Although the Crankee Yankee and I have been feeding and sheltering stray cats for years, we also feed the resident skunks—generations of them. They live under the shed in the back yard, and they feed right along with the cats. Every spring, we see the skunk moms shepherd their little ones around, and pretty soon they too join the dinner time throng.
Now we both love cats and skunks, but the Crankee Yankee seenms to have become the cat whisperer. Some of our most shy cats will eventually let the Crankee Yankee pat them; he has a way with them. This is how we came to adopt or Plumpy-Nut and Tinker; they were strays we fed for a long time. Winter was coming, and we had no way of knowing if they belonged to anyone.
So the Crankee Yankee was able to get them into carriers, and we took them to our wonderful vet to be checked out. They got their shots, flea treatments, microchips, and Plumpy had to be neutered. They came home with us and are part of our happy family of five cats.
For me, it’s the skunks. I have always liked them, and think that they are adorable. They really don’t want to fight with you or spray you, but if you startle them, they will spray. When a skunk is getting ready to spray, they will first stare right at you and start thumping their front paws on the ground. This is their prelude to turning tail to spray. The first time I saw this was when I was filling up the “skunk bowl” with food.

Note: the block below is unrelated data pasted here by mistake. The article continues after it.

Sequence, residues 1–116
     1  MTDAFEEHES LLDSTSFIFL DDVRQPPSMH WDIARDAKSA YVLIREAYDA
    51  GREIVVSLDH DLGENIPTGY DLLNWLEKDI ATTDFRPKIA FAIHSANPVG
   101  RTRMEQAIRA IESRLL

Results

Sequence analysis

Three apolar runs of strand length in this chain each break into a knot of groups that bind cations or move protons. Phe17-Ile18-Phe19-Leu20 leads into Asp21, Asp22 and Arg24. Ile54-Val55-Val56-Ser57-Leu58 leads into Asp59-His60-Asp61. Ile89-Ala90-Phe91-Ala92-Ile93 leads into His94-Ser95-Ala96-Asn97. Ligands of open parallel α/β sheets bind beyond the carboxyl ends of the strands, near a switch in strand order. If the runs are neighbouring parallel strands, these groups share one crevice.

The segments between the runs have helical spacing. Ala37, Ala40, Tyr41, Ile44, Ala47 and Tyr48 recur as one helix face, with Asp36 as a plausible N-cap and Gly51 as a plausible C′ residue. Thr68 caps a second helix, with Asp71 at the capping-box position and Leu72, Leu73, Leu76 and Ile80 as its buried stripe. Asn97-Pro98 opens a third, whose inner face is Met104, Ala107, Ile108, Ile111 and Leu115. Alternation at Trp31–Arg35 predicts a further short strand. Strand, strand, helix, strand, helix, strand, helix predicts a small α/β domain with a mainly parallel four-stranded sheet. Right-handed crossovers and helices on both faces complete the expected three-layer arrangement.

A tiny skunk was watching me, and started thumping his little paws on the ground. I looked him in the eye and said, “Now look, Sunny Jim—I’m the one who feeds you. Mind your manners.”
And whether he understood or not, he stopped thumping, stretched out his front legs and lowered his little head. It looked almost as if he were bowing to me; it was hilarious. Even so, I am very careful not to startle a skunk of any age. As soon as the bowl was filled, I slowly walked near him and put it down on the ground. It only took him a minute to start eating.
Our latest little guy waits for the food and water to appear. I usually put this out around 4:30pm, but often a skunk or two will be waiting. This year the littlest one, whom we call “Arlo,” waits patiently for his grub before all the skunk crew arrives.
Now skunks as a rule do not see very well, but ironically their sense of smell is excellent. So is their hearing, so I’m not surprised when they appear to listen. As with humans, it isn’t always about the words, but the tone. I keep my voice low and soft, I don’t make any quick moves, and I keep a good distance between me and the skunks.
So far, it’s been a good deal for all of us. Who knew? All we and the cats and skunks know is that we are family. (Queue up “We Are Family” by Sister Sledge here.)